That wasn’t the end of it. This very night, over dinner, their Master announced He was leaving. They could not come with Him. Here today, gone tomorrow.
What would they do? They had left profitable careers behind. Who would employ them now? What would their family and friends say? There would be ridicule, scorn and mocking. Yet this they could endure.
The heart-wrenching pain came from their disappointment over their Teacher’s departure. He had instilled hope and a purpose for living in their hearts. If He left, who would teach them, love them, guide them? This was too much to bear.
Pete, a rough and violent type, speaks first. He is a “men don’t cry” kind of guy. His brain always functions slower than the rest of his body. Punch now, ask questions later. With tears forming in his eyes, he asks the question on everyone’s mind.
“Why can’t I follow you now?” In between the lines you can read Pete’s thoughts: I would rather die than live a day apart from you. I would rather die than go back home alone. Take me with you.
Have you ever tenderly held the hand of a loved one as they try, despite their best efforts, to smile above the despair clearly written on their face? The doctors excuse themselves with a catastrophic “I’m sorry, there’s nothing more we can do.” You look into that face you love and see the cancer, the tumour, the disease eating not only the body but also the soul. You see hope slowly fade away.
With each passing blink the eyelids grow heavier. You tighten your grip. Maybe if you hold on tight enough they won’t go.
You’d swap places instantly if possible.
You’d walk a thousand kilometres, on your knees, if it would only add another day. You squeeze the hand a little tighter.
But this time no-one squeezes back. The eyes are closed. The warmth departs. You wish you, too, could close your eyes for eternity.
How can you go on alone? Why live another day? What hope is there in the face of suffering, pain and stress? Back to that evening dinner. Pete just asked, “Lord, why can’t I follow you now? I will lay down my life for you” (John 13:37).
Jesus answers: “Do not let your hearts be troubled. Trust in God; trust also in me. In my Father’s house are many rooms [dwelling places]; if it were not so, I would have told you. I am going there to prepare a place for you. And if I go and prepare a place for you, I will come back and take you to be with me that you also may be where I am” (John 14:1-3).
A glimmer of hope lights in the disciples’ hearts. Jesus is not leaving forever.
He is going to prepare something much better. Then He’s coming back for them.
In fact, this “better” place is so good that Peter was ready to be crucified upside down for it. James was cut in two.
John died in exile on a lonely island.
Stephen was stoned to death by his own countrymen and hundreds of millions since then have lost their lives while holding on to this grand hope of something better. What is this hope that leads men to give up life and love? “For the Lord himself will come down from heaven, with a loud command, with the voice of the archangel and with the trumpet call of God, and the dead in Christ will rise first. After that, we who are still alive and are left will be caught up together with them in the clouds to meet the Lord in the air. And so we will be with the Lord for ever” (1 Thessalonians 4:16, 17).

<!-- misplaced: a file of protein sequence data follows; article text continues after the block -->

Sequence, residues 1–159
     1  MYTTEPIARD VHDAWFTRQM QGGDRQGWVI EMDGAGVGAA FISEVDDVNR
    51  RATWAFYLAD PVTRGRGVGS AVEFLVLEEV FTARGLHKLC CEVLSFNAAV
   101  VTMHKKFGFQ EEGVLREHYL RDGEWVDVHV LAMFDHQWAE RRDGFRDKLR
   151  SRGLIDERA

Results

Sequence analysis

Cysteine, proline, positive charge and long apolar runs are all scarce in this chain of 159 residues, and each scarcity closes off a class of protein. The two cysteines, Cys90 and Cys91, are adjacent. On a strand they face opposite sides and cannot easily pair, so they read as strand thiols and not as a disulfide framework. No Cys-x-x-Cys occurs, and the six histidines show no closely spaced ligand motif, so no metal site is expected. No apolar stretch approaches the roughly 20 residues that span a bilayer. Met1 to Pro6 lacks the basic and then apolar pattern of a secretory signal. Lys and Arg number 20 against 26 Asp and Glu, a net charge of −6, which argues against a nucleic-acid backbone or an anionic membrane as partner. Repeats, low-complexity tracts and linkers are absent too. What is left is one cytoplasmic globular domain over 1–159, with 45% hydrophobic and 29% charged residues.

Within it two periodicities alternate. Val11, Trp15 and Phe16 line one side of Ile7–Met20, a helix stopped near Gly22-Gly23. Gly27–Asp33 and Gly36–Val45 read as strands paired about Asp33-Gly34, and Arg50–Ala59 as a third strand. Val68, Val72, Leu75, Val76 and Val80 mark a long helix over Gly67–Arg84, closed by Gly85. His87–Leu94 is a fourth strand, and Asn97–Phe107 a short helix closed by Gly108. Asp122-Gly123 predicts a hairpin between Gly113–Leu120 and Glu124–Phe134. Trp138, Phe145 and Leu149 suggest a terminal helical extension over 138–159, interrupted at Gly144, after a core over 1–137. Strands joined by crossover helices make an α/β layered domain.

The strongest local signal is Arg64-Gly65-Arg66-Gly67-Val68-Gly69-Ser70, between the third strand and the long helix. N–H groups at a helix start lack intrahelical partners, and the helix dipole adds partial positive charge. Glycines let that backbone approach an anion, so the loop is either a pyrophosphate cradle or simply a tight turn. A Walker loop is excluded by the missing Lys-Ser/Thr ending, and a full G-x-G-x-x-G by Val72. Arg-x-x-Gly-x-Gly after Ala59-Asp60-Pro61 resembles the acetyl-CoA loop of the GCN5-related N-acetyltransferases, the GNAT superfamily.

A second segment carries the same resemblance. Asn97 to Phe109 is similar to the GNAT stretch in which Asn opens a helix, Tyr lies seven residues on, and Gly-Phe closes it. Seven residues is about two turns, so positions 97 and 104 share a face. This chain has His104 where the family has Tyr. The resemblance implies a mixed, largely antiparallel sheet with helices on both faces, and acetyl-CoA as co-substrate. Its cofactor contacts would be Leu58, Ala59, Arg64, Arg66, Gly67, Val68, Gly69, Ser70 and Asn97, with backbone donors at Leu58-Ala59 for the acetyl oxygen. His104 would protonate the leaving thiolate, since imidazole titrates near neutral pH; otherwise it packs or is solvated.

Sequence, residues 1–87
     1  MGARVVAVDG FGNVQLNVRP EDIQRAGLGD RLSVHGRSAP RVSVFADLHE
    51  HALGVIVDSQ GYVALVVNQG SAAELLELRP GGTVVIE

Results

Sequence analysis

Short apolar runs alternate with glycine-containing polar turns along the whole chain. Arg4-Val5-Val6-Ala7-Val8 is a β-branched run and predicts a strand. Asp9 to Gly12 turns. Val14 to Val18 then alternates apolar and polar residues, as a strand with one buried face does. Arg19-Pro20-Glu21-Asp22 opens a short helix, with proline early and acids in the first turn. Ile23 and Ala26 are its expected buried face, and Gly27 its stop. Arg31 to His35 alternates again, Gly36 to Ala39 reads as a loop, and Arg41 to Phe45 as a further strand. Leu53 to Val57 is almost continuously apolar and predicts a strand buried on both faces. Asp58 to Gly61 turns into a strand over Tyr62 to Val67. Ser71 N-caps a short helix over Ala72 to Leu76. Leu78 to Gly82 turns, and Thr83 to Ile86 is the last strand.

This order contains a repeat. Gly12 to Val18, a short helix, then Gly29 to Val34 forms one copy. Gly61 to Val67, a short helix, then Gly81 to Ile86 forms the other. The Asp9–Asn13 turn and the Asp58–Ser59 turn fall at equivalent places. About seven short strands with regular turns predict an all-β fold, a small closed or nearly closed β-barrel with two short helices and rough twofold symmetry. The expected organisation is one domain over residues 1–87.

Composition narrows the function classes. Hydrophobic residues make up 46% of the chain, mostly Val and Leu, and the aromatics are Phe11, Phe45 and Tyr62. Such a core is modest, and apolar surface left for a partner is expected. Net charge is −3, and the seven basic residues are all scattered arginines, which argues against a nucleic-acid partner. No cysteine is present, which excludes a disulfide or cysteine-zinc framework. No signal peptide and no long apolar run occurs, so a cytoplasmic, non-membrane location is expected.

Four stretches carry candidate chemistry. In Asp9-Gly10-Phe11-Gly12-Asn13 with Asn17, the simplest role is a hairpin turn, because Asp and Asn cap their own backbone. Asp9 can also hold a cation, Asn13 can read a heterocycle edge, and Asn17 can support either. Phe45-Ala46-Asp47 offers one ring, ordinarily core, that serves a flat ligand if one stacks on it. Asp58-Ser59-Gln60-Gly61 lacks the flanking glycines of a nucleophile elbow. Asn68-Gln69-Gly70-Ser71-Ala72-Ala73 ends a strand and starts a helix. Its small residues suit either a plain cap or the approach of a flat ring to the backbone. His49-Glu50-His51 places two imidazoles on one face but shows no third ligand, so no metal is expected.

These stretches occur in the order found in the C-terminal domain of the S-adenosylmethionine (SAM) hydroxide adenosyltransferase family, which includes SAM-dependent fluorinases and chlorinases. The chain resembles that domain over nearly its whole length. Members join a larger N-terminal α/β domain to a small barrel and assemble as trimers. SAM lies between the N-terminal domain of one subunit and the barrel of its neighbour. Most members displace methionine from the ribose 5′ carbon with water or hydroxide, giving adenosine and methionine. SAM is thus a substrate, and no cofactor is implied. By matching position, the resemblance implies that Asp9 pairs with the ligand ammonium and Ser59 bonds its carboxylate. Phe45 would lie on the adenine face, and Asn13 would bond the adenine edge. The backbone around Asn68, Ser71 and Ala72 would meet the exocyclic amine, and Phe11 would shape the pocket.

There is an end in sight. There is life after life. Jesus is coming back to take us home.
Just think on this description for a few moments: “Then I saw a new heaven and a new earth, for the first heaven and the first earth had passed away, and there was no longer any sea. I saw the Holy City, the new Jerusalem, coming down out of heaven from God, prepared as a bride beautifully dressed for her husband. And I heard a loud voice from the throne saying, ‘Now the dwelling of God is with men, and he will live with them. They will be his people, and God himself will be with them and be their God. He will wipe every tear from their eyes. There will be no more death or mourning or crying or pain, for the old order of things has passed away‘” (Revelation 21:1-4).
There will be no more goodbyes, no more tears, anxiety or depression. If that isn’t enough to inspire hope, then nothing else ever can or will. It is almost too good to be true but the Bible is full of numerous predictions that have come true to the very hour.
The books of Daniel and Revelation have predicted world history with stunning accuracy. The birth of Jesus, the Saviour, was foretold to the very year.
So was His sacrificial death on the cross, which can clean us from sin and selfishness.
His death brings us life.
The only major biblical prophecy not yet fulfilled is the liberation from sin and Satan at the return of Jesus and His heavenly army. Because every other prophecy and promise has come true there is no reason to doubt the promise of Jesus’ soon return, where He will take us home, to a better place.
It won’t be long; any day now, any day.